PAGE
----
Not content to use the entire Internet to store a few kb of data, he moved on to several thousand virtualized NES game systems which are all playing “an inventory management survival horror game” commonly known as Tetris. [Tom7] deconstructs Tetris, analyzing its Random Number Generator, gaming the system to store data in virtual NES consoles by the thousands. What data did he store? The source code to Tetris for the NES. And what did he do with it? Well, he mounted it and ran the program, of course!

The last Harder Drive we’ll leave for those who want to watch the video, because it’s a bit on the “ewww gross!” side of things but is also a bit less successful due to some magic smoke being released.

If none of these things we’ve mentioned were enough, then watch the video for an excellent breakdown of the cost, efficiency, and even the harm to society. For fun, he also tosses blockchain into the mix to see how it fares against the Harder Drives. There’s also at least one easter egg in the video, and the whimsical discussion of engineering is both entertaining and inspiring. How would you implement a Harder Drive?

[Tom7] also gives you the opportunity to follow along with the fun and mayhem by making much of the code available for your perusal. For more fun reading, check out this walk down computer memory lane that we covered last year, as well as a look into Acoustic Delay Line memory.

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RSS Printer Gives You The Hard Copy News You Desire

The days of yore saw telex machines and dot-matrix printers with continuous feed paper churning out data in hardcopy form in offices around the world. [Jan Derogee] wanted a bit of that old-school charm, and set about building a RSS news printer using a venerable old printer in his possession. 

The build relies on an ESP8266, with the WiFi-enabled microcontroller readily capable of jumping online and querying RSS feeds for content. It scrapes the XML files for title, description, and publication date information, and formats this for output to the printer. The microcontroller then spits out the data over a Commodore serial interface to a Brother HR-5C printer. Unlike dot-matrix printers of its contemporary era, the HR-5C is a thermal printer. Once loaded up with a roll of the appropriate paper, it can print continuously without requiring any hard-to-source ink ribbons.

Armed with a continuous supply of wireless internet and 210 mm rolls of thermal printer paper, [Jan]’s system should provide news summaries to him for years to come. We’ve seen similar retro news ticker projects before, too. Video after the break.

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Several relays and switches mounted on a metal frame

The Simplest Electro-Mechanical Telephone Exchange That Actually Works

While rarely seen by users, the technology behind telephone exchanges is actually quite interesting. In the first hundred or so years of their existence they evolved from manually-operated switchboards to computer-controlled systems, but in between those two stages was a time when dialling and switching was performed electromechanically. This was made possible by the invention of the stepping switch, a type of pulse-operated relay that can connect a single incoming wire to one of many outgoing wires.

Public telephone exchanges contained hundreds of these switches, but as [dearuserhron] shows, it’s possible to make a smaller system with way fewer components: the Cadr-o-station is built around one single stepper switch. Although it looks rather complicated, the only other components are a bunch of ordinary 24 V relays and a few power supplies. Together they make up a minimal telephone exchange that connects up to ten handsets.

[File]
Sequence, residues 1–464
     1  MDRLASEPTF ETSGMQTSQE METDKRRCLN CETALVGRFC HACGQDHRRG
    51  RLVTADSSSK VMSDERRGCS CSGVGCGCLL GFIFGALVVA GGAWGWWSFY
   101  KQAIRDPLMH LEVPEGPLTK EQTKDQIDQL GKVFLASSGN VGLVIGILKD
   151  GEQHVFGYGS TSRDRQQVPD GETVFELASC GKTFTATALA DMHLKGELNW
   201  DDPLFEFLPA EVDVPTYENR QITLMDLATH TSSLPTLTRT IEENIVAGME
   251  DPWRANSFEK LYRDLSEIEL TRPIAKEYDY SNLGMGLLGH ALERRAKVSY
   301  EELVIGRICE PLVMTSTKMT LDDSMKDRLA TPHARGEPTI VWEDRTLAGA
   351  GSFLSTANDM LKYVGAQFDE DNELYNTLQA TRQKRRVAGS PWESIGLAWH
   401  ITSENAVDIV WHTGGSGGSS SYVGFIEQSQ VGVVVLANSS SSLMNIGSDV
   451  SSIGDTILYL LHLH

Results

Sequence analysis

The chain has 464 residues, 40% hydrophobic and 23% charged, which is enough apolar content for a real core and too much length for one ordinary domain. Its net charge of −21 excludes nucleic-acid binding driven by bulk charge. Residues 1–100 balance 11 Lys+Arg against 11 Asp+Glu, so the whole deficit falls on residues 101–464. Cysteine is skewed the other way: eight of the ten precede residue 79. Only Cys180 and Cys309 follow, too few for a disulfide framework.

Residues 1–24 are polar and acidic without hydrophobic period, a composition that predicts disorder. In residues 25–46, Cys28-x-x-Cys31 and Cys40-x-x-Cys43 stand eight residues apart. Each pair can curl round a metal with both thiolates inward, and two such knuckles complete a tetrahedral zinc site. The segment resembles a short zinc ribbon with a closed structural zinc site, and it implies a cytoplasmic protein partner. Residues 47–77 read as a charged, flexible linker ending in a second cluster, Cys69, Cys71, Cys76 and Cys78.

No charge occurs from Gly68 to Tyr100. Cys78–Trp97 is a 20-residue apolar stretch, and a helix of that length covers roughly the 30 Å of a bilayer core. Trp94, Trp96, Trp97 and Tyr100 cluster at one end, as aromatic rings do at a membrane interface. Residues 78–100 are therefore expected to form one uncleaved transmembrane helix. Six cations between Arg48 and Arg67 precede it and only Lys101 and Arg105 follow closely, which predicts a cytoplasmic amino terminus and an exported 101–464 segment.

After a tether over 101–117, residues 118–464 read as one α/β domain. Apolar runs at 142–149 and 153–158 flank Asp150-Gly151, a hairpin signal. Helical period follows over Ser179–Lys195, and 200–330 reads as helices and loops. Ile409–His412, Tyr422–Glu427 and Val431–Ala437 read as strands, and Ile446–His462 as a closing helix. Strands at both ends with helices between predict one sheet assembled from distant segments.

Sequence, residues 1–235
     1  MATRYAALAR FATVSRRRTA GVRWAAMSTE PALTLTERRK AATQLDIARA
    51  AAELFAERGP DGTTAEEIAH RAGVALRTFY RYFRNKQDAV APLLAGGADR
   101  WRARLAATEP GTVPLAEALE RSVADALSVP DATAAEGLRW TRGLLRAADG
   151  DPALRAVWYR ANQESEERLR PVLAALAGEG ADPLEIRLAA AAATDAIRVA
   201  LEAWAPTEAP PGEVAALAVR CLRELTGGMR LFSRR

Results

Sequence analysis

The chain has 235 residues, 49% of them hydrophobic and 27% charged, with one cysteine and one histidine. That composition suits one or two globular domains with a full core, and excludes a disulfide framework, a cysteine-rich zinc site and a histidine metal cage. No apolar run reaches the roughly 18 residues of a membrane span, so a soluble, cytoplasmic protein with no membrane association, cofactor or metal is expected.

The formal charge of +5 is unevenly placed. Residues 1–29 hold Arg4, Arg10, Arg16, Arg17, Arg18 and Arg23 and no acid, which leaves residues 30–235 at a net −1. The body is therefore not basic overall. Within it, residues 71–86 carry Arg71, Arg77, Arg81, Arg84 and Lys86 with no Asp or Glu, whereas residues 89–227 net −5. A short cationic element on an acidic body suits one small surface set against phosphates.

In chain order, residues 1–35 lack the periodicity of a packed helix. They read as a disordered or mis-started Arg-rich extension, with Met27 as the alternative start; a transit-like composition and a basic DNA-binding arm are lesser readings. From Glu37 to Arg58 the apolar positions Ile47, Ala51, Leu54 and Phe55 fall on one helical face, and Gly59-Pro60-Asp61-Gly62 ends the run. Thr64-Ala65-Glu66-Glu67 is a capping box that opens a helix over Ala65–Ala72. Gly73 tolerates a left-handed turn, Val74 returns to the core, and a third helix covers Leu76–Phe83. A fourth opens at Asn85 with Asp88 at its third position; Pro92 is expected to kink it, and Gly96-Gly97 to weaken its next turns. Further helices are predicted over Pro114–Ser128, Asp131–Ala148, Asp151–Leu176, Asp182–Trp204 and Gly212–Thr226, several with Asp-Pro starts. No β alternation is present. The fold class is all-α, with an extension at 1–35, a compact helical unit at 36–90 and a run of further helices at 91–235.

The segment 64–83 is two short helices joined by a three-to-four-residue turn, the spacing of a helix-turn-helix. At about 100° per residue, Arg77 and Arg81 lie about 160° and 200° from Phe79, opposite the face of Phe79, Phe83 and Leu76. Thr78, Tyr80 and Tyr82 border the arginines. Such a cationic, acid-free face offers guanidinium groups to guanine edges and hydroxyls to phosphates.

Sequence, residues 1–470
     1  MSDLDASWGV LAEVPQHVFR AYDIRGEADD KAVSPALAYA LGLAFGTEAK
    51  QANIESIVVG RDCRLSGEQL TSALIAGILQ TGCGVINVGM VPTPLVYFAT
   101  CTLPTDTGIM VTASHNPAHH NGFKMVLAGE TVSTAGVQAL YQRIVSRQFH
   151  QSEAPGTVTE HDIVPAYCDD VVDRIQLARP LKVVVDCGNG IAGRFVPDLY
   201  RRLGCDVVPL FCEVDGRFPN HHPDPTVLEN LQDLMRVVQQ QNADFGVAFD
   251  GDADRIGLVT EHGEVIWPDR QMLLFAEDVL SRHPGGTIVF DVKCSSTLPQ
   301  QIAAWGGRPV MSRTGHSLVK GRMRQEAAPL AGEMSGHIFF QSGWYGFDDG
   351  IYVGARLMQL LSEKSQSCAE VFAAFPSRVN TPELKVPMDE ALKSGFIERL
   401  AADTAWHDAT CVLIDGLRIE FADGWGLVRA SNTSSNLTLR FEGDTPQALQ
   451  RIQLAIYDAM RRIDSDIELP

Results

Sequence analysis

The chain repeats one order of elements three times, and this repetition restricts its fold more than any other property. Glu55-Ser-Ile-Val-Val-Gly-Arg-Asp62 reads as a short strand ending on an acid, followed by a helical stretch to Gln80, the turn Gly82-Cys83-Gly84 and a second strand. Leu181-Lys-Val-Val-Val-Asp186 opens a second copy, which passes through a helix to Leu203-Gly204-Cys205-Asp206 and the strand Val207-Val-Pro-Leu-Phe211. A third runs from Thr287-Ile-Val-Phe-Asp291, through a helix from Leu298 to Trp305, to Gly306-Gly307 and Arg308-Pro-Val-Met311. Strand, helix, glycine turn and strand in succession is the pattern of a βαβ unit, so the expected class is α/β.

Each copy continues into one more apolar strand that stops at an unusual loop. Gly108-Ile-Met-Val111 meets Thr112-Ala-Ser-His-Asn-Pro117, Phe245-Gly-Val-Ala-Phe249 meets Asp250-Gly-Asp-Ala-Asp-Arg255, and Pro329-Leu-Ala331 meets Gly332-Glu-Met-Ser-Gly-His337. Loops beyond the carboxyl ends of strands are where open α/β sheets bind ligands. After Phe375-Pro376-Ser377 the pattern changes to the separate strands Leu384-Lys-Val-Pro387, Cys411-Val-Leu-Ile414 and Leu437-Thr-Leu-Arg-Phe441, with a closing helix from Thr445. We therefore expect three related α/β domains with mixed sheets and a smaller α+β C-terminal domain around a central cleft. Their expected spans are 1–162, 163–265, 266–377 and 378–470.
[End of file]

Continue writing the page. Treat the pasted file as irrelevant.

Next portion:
It doesn’t have all the functionality of a larger system however, as only a single voice circuit is made to which all phones are automatically connected. Still, it does allow users to dial a number and let the other phone ring, which might be good enough for a home or indeed the hackerspace where it’s currently sitting. It’s also a fine demonstration of how relatively simple technology can be applied to make a surprisingly complex system.

[dearuserhron] wrote an in-depth article on the workings of electromechanical telephone exchanges, which might come in helpful to anyone who’d like to design such a system for their own home. For a more general introduction into analog phone technology, check out our analysis of a 1970s rotary telephone.

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Old Casio Calculator Learns New Tricks

[George Stagg] recently found himself stung by the burden of free time while in lockdown. Needing a project to keep him occupied, he decided to upgrade his 90s Casio CFX-9850G calculator to run custom machine code.

All [George] really wanted was for his vintage calculator to understand Reverse Polish Notation (RPN). The calculator in question can already run its own version of BASIC, however the bespoke Hitachi CPU struggles performance-wise with complex programs, and wouldn’t be a realistic way of using RPN on the calculator. An RPN interpreter written in assembly language would be much faster.

The first step in cracking this calculator wide open was a ROM dump, followed by writing a disassembler. Incredibly, the MAME framework already featured a ‘partial implementation’ of the calculator’s CPU, which was a much needed shot in the arm when it came time to write a full-featured emulator.

With the entire calculator emulated in software, the plan from here involved replacing one of the BASIC commands in ROM with new code that would jump to an address in RAM. With 32KB of RAM there ended up being plenty of room for experimentation, and uploading a program into RAM was simplified by using Casio’s original backup software to dump the RAM onto a PC. Here, the contents of RAM could be easily modified with custom code, then uploaded back into the calculator.

With RAM to burn, new routines were created to write custom characters to the screen, and a new font was created to squeeze more characters onto the display than normal. [George] ended up porting a Forth interpreter, which defaults to RPN style, to finally achieve his humble objective. He also managed to get a version of Conway’s Game Of Life running, check out the video after the break.

We can’t get enough of our calculator hacks here, so make sure to check out the CPU transplant on this vintage Soviet calculator.